She reached to hand off the baton like someone reaches out in hopes of being pulled from a ledge. Marion Jones, suddenly desperate, arms flailing, wanted a hand to pull her through the most difficult race of her life, the most trying year of her career.
If she could just help win this one race, everything negative in her world would briefly disappear. All the innuendo and rumor connecting her to synthetic chemists. Her alleged bad taste in men. The slow and agonizing comeback from childbirth more than a year ago.
Everything would go away if she could just hand off that baton to Lauryn Williams on Friday night in the cooling breeze of Olympic Stadium, and watch her teammates run to a gold medal in the 4x100-meter relay.
Didn't the woman who enraptured America four years ago deserve that? Didn't the athlete who glided to those five medals in Sydney, running and jumping with so much grace, explosiveness and elan, deserve just one medal for all her personal anguish and unmet challenges this year? Couldn't the gods of the ancient Games cut her a break, just tonight?
Nuh-uh. No such thing. And if there was, the U.S. Anti-Doping Agency would test them, too.
If Marion Jones learned anything about her tainted sport the past year, it's that favorites often go down -- even proud Olympic champions trying to salvage their reputation on the track instead of at a podium, professing her innocence. If Marion Jones learned anything, it's that even the things she used to be best at don't come easy anymore.
On nights like Friday in Athens, sometimes they don't come at all.
She reached to hand off that baton and no one was there, and Marion Jones's career kept careening, straight off that ledge in the most disappointing night imaginable for the biggest name in track and field.
The face of the 2000 Games took the handoff from Angela Williams after 100 meters and, though she didn't gain much ground, she had run well enough to give Lauryn Williams a chance and LaTasha Colander, the anchor, a genuine shot at gold.
An hour after she failed to medal in the long jump, where she finished fifth, Jones was trying to salvage her athletic reputation and a miserable year on the last night of her Olympic competition.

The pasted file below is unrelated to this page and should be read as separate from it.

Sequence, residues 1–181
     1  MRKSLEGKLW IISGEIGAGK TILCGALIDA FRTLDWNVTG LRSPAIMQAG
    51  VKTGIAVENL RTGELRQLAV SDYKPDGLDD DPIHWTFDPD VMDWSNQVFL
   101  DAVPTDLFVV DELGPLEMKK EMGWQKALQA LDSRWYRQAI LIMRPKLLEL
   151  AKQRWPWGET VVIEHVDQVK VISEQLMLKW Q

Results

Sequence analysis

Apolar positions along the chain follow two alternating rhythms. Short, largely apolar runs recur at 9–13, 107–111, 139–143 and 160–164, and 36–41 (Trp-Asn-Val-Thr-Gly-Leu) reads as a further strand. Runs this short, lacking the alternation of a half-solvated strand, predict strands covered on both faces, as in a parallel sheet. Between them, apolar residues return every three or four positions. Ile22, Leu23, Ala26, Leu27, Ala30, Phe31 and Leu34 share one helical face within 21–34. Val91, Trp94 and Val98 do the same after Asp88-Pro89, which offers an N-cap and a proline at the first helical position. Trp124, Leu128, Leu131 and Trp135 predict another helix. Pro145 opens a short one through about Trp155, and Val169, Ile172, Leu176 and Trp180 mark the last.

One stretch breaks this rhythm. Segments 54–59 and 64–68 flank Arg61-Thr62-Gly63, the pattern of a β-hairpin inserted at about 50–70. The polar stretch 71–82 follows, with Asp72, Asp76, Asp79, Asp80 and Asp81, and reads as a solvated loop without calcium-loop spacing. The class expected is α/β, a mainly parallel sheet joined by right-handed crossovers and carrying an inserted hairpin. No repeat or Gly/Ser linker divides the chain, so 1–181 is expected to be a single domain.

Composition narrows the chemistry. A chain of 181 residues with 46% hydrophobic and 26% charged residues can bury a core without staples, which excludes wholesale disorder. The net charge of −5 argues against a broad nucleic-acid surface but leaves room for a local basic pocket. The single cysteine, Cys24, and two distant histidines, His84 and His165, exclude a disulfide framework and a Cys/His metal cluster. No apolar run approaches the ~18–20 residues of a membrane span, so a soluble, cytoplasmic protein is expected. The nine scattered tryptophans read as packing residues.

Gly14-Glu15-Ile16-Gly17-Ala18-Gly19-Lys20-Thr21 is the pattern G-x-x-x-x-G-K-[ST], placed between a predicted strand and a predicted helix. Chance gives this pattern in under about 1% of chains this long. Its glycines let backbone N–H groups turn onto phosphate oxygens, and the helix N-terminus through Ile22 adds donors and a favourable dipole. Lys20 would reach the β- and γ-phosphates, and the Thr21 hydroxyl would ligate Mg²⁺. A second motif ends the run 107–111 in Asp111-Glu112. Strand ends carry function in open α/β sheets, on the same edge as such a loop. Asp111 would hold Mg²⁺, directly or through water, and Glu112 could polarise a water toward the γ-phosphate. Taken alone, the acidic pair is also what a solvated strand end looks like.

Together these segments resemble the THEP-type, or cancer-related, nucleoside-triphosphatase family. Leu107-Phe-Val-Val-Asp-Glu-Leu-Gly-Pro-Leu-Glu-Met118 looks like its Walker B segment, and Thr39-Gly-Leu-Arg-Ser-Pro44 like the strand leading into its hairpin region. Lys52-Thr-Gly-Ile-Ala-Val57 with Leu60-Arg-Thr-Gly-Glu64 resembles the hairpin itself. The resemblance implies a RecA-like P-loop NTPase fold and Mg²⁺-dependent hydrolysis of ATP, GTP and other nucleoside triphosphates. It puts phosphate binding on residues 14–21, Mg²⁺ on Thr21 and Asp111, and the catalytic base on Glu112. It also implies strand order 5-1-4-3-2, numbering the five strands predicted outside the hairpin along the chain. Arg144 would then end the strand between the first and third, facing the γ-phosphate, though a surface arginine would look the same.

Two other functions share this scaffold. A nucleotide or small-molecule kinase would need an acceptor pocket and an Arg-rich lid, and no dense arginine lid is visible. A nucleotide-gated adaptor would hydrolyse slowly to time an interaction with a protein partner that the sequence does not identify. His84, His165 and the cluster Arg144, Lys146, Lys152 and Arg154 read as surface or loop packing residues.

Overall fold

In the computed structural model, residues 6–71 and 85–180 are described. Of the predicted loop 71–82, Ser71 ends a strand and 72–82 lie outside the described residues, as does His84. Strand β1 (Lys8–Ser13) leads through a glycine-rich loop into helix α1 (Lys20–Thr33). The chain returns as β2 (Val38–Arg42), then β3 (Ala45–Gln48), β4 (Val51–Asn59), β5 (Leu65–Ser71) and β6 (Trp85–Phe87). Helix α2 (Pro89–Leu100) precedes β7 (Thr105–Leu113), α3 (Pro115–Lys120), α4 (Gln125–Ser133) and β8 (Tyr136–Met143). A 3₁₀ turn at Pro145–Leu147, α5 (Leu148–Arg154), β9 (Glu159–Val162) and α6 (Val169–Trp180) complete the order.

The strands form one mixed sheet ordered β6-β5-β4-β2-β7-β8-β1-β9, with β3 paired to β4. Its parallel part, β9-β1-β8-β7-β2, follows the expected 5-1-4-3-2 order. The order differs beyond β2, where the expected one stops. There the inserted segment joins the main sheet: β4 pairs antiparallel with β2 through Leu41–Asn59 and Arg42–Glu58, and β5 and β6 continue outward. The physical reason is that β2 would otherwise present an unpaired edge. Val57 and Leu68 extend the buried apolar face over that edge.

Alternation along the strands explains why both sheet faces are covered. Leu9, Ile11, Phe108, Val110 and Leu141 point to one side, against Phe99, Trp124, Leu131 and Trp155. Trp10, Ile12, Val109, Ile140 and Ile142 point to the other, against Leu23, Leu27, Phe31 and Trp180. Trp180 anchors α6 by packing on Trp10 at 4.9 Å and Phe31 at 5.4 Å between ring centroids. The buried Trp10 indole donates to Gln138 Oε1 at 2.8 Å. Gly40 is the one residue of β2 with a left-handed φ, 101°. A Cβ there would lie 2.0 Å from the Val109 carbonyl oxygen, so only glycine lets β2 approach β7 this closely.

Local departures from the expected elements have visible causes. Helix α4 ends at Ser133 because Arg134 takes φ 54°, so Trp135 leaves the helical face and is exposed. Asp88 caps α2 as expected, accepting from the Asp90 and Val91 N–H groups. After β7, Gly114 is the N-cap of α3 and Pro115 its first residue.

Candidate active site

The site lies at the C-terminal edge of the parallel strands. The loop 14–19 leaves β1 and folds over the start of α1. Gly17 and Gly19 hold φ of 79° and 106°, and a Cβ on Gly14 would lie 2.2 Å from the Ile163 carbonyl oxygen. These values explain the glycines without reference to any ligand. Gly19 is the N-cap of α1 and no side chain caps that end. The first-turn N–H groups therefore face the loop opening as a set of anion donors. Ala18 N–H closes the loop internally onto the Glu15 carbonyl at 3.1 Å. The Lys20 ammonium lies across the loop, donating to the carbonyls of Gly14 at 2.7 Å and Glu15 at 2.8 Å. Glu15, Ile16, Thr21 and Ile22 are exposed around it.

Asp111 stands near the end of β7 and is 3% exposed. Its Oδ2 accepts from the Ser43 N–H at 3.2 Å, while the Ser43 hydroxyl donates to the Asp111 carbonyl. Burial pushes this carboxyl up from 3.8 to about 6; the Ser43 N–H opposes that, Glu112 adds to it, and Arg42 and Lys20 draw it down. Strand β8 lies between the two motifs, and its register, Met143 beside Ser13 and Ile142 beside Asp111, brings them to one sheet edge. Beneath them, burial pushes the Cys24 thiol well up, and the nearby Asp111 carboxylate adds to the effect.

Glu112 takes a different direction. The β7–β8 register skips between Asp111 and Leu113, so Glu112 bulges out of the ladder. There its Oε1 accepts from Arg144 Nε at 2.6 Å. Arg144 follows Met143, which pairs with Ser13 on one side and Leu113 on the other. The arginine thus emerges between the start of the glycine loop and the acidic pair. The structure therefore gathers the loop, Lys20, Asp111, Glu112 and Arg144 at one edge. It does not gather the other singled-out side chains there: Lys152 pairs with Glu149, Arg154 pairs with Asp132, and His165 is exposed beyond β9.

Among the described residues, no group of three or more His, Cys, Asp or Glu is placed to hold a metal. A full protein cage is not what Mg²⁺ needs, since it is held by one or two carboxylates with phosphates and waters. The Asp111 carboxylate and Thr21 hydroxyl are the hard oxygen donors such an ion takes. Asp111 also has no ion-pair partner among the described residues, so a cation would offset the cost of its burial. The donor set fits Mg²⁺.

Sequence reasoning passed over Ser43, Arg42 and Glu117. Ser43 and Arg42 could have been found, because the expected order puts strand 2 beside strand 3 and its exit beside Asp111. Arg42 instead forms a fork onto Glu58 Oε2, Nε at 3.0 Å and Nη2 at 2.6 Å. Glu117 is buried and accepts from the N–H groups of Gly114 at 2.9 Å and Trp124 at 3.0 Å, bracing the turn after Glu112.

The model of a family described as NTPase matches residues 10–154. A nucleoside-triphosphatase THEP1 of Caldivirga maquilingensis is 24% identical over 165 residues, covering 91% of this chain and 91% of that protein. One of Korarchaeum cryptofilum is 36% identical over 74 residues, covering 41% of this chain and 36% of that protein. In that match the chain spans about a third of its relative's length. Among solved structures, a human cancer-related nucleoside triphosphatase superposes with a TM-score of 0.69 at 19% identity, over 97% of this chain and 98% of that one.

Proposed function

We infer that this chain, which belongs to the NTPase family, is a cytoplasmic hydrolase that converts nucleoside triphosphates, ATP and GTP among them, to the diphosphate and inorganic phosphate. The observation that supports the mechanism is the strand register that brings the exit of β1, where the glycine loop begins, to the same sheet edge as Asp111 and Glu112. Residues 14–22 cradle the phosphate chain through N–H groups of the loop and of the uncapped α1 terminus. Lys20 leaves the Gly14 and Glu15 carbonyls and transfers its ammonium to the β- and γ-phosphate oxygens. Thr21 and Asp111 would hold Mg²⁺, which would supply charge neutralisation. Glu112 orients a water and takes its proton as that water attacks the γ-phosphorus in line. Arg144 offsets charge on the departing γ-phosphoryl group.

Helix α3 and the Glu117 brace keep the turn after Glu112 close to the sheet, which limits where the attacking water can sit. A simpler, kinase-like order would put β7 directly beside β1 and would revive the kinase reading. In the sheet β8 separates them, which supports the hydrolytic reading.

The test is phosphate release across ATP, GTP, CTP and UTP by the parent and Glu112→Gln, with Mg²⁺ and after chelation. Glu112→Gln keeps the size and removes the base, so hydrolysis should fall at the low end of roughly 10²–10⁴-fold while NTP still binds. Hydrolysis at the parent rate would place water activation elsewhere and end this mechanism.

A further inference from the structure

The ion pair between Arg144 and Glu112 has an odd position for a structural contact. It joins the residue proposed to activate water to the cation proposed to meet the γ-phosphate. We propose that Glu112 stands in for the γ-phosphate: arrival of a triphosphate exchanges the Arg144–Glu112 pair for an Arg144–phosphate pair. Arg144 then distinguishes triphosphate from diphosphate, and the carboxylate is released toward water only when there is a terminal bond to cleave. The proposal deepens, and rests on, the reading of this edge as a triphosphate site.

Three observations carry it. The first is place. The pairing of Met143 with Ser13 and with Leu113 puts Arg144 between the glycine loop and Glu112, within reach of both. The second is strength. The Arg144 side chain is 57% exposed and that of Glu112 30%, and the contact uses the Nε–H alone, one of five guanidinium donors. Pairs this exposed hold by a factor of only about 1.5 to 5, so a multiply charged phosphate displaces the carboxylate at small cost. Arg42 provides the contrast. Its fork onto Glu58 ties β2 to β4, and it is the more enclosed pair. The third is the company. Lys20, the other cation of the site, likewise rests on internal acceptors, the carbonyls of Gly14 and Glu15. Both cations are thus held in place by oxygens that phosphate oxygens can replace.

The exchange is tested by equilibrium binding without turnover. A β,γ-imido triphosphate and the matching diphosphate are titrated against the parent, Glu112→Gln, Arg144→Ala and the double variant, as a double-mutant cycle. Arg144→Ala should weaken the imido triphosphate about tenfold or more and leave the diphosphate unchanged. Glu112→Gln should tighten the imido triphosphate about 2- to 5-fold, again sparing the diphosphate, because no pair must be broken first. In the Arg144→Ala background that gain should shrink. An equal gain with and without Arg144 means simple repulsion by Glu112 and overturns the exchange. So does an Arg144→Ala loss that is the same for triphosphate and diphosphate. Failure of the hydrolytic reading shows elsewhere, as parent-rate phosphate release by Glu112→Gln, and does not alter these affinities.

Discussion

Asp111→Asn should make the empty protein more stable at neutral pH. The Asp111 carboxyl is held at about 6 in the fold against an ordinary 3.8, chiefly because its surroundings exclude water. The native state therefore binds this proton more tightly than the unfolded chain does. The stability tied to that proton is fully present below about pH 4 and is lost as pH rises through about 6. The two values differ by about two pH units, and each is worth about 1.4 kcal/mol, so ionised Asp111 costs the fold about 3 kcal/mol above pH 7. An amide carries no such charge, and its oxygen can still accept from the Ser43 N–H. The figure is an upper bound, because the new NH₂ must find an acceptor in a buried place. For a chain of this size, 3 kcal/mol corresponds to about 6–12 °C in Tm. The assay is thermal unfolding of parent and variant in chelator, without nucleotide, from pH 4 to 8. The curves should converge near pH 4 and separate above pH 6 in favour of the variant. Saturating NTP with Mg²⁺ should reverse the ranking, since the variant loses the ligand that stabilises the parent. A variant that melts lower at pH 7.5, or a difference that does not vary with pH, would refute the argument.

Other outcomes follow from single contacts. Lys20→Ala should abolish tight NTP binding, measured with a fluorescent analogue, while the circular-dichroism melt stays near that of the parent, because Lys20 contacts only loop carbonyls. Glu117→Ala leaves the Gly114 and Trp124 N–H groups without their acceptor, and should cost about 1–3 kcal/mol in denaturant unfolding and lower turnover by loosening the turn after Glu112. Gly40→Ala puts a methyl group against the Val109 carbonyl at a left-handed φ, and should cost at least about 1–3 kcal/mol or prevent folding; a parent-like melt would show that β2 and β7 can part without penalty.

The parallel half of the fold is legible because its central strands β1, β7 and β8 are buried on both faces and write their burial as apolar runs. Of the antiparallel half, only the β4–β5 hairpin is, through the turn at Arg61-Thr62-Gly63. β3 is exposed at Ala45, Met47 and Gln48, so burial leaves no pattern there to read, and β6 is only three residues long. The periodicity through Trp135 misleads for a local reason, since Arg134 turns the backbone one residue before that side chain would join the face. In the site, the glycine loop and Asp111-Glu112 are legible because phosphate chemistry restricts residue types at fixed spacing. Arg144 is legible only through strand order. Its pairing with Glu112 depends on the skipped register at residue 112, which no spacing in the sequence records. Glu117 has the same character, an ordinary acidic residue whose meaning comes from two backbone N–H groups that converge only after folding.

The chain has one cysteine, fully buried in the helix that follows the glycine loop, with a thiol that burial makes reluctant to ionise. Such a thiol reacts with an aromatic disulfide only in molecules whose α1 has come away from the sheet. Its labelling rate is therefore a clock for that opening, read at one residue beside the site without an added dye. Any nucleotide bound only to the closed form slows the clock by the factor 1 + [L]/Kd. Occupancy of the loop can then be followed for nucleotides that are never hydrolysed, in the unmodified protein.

But she was unable to ever get the baton in Lauryn Williams's hands until it was too late, and Williams had already crossed the handoff zone to automatically disqualify a U.S. team counting on gold. Williams left too early, perhaps thinking Jones had the kind of speed in her tank she had displayed in Sydney, and Jones was left struggling to place the baton in her teammate's hand.
She was alone. Again.
"I said, 'Wait, wait! Stop. Hold up!' " Marion said. "But after running a 100, I don't think she could hear me."
"I heard her," Williams said, taking full blame. "I didn't react in time."
Jamaica won the gold medal, winning a race the United States had taken in four of the last five Olympics. The U.S. group had trained long and hard on the island of Crete and was hoping for a world record. They instead became another misfortune in Marion's growing number of misfortunes.
"I exceeded my wildest dreams in a negative sense," she said in a brief meeting with reporters afterward. "When I woke up, this is not the way I figured the day would end."
Someone asked how she was feeling.
"It was pretty rough," Jones said, beginning to cry. She almost began to sob, she was crying so hard, until she used her shoulder to smudge the tears away.
Maybe the reap-what-you-sow crowd was celebrating somewhere, talking about karma and fate.
Part of you figured Marion Jones needed athletic humility to make her appreciate her own physical gifts and greatness again, the same part of you that wonders if she ever really did use performance-enhancing drugs. The other part just cannot fathom this beautiful, graceful woman who dominated her sport only four years ago literally experiencing the worst night of her career.
Marion Jones, partnering in a botched handoff? Missing a medal in the long jump? It just did not seem or look right, that pained expression on her face, the struggle from someone whom you never remember struggling with anything in an athletic competition.
The night began so disappointingly for her. Before she sprinted down the runway for her sixth and final long jump, the Stars and Stripes blared from the speakers. Shawn Crawford, Bernard Williams and Justin Gatlin were receiving their medals for an American sweep in the 200 meters from the night before.
Jones joked that she "felt like an old lady" at 28 years old, being around all these younger teammates. Nowhere was the contrast more telling than when the new stars of U.S. men's track and field began competing for space and time with a supernova about to smolder in the sand.
She ran fast and leapt far, but on her last night at the Olympics -- the last night of the most impossibly turbulent year of Jones's career -- her long jump effort was short, good for only fifth place.
A cool Athenian breeze wafted through the stadium as she waved appreciatively toward the fans. Less than an hour later, her world would fall apart on the track, in a race she and her teammates won by maybe 30 meters in the qualifying heat. Marion Jones, the woman who once made it all look so easy, knows now: Nothing, absolutely nothing, can be counted on.
Reaching in vain for Lauryn Williams's hand, she never seemed farther away from Sydney.